Not in the garden on the sunny hillside which lay nestled behind the small glittering dome of the second story of their house, and not in the bright woods in the valley below.
Kel pulled the rounded front door open, set a gathering basket down on the shaped wood bench just inside, and called out… but there was no response.
Kel shrugged out of their red cloak and hung it by the door.
(“To make you easy to find!” Mama always said when she put the cloak on Kel in the morning, holding the fabric together until it stayed.) Mama was not there to coax the fabric open, so Kel had to work the cloak up and over their head to get it off.
The house felt empty. Cozy wood and plush fabrics everywhere didn’t make up for the stillness. The usual life it buzzed with was silent in her absence. The curved walls and open spaces—that normally wrapped around Kel like a just-right blanket—felt rigid and wrong.
“Mama!” Kel called again, climbing the stairs to the second floor, looking down over the ground floor one more time, as if Mama might be hiding against a wall.
Kel dropped their backpack in their bedroom—a wide wedge of the upstairs dome—and then went back out to check Mama’s room.
The arched door was open, which was not unusual.
The closet, however, was slightly ajar, which was most unusual.
Curious, Kel pulled the closet open and then yelped in surprise when a small glittering blue thing tumbled out, bumbled across the room, bumped up against the opposite wall, skittered a little up the curved side of the room, and then flipped over onto its back, dozens of tiny sparkling legs waving helplessly as it rocked haphazardly on the rounded upper surface of its back.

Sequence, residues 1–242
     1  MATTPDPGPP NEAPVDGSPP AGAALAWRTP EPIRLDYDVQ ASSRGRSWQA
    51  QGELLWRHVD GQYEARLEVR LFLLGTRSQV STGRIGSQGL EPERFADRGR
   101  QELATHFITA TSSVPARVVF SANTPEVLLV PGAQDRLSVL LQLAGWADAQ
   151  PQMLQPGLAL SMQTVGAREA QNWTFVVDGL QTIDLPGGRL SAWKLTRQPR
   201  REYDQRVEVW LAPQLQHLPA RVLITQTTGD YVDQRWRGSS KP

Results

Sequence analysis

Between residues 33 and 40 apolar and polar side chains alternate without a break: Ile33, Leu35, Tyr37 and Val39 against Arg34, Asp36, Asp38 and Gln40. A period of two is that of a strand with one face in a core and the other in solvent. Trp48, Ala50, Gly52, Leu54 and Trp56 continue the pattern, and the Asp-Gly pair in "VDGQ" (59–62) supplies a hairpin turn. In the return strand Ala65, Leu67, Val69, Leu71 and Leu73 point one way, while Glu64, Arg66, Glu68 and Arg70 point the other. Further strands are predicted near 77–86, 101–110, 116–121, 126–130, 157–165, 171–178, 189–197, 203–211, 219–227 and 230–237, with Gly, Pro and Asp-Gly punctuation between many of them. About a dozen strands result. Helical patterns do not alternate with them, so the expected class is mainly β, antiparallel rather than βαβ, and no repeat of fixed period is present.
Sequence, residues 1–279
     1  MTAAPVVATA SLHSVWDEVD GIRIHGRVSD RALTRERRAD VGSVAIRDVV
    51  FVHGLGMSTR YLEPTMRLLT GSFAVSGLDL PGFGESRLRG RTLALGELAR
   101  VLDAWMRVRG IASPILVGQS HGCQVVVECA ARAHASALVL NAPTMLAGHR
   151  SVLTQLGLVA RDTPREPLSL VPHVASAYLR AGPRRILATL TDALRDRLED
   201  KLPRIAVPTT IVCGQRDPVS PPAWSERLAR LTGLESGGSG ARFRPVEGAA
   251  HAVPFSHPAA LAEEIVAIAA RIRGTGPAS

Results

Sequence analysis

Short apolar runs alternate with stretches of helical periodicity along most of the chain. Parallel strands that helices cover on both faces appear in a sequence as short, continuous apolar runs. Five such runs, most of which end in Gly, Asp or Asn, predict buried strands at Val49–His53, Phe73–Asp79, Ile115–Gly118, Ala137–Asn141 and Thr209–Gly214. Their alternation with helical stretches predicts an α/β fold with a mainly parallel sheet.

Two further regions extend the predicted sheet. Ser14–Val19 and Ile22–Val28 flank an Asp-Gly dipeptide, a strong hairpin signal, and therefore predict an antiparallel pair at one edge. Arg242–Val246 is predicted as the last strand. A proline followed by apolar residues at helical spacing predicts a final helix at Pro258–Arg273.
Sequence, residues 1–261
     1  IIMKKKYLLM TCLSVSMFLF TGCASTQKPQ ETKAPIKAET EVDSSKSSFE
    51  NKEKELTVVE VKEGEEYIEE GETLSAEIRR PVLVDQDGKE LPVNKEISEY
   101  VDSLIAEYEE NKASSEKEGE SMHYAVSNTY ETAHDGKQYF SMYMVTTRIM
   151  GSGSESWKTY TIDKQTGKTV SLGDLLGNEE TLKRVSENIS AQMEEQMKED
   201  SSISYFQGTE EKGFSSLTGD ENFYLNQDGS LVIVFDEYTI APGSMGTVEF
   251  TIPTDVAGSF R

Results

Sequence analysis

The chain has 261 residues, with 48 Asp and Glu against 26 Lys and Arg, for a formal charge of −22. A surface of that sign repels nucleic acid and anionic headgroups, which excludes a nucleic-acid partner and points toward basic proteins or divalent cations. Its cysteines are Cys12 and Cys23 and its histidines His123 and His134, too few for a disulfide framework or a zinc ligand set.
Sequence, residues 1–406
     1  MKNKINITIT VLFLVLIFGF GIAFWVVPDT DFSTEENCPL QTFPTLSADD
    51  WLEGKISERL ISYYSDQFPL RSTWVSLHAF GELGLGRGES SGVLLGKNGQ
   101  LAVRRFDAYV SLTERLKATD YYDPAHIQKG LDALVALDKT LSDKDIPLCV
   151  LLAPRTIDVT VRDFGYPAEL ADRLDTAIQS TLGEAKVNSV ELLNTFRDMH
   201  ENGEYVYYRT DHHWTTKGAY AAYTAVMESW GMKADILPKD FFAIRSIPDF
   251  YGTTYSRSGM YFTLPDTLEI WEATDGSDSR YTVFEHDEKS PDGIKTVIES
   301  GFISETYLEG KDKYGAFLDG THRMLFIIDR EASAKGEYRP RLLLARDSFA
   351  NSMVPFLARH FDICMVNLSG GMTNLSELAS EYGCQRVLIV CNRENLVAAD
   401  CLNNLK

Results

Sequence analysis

Kel laughed in spite of themself, as they went over to the thing and picked it up, saying, “You’ve gotten yourself into a pickle!”
The thing was large enough around to need both of Kel’s arms wrapping around it, but small enough that it wasn’t that heavy. Kel turned it over. “What are you?”
Small stalks stuck up around the rim of the small domed creature, waving and twisting as Kel picked it up, but when Kel spoke, every stalk twisted and pointed at Kel, as if they were looking Kel up and down.
When a voice came out of the small domed thing, Kel was so surprised that they dropped it onto its many legs.
“‘ellllll come,” it said in an oddly fuzzy voice and then skittered back into the closet.
Curious, Kel followed.
image © Craig P. Burrows, used with permission
The closet had always curved around the edge of the room, Mama’s extra clothes hung on hooks, and a few things they rarely used tucked neatly away along the wall.
It had not always had a small square door at the back of it, as if the wall of the closet itself was ajar. The creature skittered through the doorway.
“Wait for me!” Kel trotted through the opening.
Kel’s eyes adjusted quickly to the dim tunnel as they wondered why—how— there was even space behind the closet. Mama’s room was at the back of the dome, up against the hillside. The only reason the closet was there at all was that a window would be impossible.
Kel was familiar with the old stone of the mountain behind the house, and the idea that it contained tunnels was as startling as if someone had told Kel that the stars could talk. The rock simply was. One climbed it until the air got thin to look at the rich sparkle of the night sky. One did not go into it.
But as improbable as the tunnel was, Kel was curious and so followed the little thing up and in, trailing fingers along the odd surface of the tunnel wall.
There was light—diffuse, impossible to pinpoint—and once Kel’s eyes fully adapted to the darker tunnel, the wall gleamed deep orange and dark gold, in regular segments that made a subtle texture under Kel’s fingers.
Mama had once shown Kel a book full of strange animals from far away and long ago, and one of them had had skin like this wall.